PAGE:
Private sector banks told to leverage small businesses
20 February 2012
Delivering the Karnataka Bank Founder's Day Lecture in Mangalore on Saturday, former deputy governor of the Reserve Bank of India Usha Thorat presented a ''simplistic analysis'' of the performance of old private sector banks in India, and outlined strategies for their growth, saying the way forward was through leveraging of small businesses.
According to Thorat, market share data, pattern of deposits growth and advances, and the average GDP figures over the last 15 years showed that old private banks tended to operate largely in regions of the country where the growth exceeded the national average.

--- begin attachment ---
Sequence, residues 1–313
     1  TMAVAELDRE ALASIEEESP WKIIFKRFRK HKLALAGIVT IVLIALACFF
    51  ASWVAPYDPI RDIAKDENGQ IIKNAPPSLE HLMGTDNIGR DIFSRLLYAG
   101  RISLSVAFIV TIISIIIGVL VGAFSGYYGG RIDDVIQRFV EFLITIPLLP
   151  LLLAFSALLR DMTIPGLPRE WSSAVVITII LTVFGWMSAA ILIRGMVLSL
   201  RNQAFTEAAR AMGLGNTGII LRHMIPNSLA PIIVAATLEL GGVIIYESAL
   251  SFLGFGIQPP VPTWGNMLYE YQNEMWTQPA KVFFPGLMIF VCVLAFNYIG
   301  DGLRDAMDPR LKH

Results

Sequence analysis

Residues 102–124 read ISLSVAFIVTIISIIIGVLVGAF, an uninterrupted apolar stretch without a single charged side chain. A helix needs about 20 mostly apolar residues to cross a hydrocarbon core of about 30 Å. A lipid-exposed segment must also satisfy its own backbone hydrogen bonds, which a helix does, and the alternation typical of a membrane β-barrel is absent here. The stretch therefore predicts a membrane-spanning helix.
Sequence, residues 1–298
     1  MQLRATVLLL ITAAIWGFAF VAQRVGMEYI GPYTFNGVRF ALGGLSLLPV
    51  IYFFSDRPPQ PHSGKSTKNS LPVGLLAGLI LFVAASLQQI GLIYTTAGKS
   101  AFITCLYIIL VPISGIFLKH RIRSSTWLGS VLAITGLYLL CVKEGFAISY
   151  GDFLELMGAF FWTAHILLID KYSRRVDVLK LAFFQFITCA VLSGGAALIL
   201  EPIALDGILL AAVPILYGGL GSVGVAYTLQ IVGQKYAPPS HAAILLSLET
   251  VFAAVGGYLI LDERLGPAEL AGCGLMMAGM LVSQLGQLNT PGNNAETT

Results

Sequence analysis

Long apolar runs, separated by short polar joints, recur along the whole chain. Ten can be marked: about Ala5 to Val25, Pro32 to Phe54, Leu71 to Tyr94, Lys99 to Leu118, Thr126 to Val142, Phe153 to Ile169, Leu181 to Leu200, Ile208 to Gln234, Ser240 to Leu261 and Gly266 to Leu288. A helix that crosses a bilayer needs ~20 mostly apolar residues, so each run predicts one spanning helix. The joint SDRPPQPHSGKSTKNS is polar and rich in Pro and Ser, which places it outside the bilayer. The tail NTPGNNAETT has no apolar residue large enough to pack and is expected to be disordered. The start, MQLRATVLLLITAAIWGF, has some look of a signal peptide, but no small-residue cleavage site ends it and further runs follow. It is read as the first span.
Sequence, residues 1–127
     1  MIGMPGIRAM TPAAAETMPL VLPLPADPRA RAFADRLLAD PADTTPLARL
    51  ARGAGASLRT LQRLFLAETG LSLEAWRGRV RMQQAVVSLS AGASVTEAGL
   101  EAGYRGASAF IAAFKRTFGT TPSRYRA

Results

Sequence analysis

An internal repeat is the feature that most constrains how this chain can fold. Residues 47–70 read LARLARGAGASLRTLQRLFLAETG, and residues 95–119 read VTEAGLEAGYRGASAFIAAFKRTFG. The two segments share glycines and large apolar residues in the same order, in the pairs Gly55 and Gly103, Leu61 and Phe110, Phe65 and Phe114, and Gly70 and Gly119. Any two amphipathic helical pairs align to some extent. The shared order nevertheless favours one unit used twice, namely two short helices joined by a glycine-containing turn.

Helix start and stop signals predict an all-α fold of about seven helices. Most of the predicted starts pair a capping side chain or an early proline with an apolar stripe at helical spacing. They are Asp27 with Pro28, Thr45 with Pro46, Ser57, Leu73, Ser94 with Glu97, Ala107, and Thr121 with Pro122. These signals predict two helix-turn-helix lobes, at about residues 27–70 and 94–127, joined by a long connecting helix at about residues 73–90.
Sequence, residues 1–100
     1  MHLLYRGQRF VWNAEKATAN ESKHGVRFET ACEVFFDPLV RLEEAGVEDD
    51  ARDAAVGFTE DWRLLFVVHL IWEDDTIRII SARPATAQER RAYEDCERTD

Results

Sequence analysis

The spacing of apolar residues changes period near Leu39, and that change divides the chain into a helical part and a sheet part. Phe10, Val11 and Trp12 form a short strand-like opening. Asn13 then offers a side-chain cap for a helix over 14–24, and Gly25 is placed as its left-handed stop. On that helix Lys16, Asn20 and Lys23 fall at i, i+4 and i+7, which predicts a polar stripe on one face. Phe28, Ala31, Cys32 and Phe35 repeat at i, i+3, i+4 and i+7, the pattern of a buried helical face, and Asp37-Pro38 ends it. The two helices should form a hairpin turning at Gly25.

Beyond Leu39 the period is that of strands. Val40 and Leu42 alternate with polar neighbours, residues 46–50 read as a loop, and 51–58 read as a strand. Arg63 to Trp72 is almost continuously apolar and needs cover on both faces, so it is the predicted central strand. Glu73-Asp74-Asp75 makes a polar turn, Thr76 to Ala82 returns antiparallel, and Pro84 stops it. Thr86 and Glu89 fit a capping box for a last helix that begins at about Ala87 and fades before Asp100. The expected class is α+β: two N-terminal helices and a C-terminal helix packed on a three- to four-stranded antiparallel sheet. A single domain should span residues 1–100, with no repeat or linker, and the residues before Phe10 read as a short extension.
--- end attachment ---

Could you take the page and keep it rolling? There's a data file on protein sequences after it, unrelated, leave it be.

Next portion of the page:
This meant that as long as the old private banks continued to serve their niche segments in their traditional areas even as they experienced steady growth through investments in technology and people, they were able to clock a fairly healthy pace of growth even though they lost market share to the aggressive growth of the private sector.
The data showed that old private sector banks established between 1915 and 1930 – compared favourably with public sector banks on considerations of profitability, while the new private sector banks (started after 1993) did much better.
This was largely due to higher cost of funds even though in terms of efficiency, the old private sector banks might actually be better performers than the newer ones.
She added that the ''rather simplistic analysis'' had implications for the further growth of banks and suggested that the old private banks should increase their customers cautiously. She said the old banks must take advantage of their knowledge of the region and the business to increase their outreach and coverage.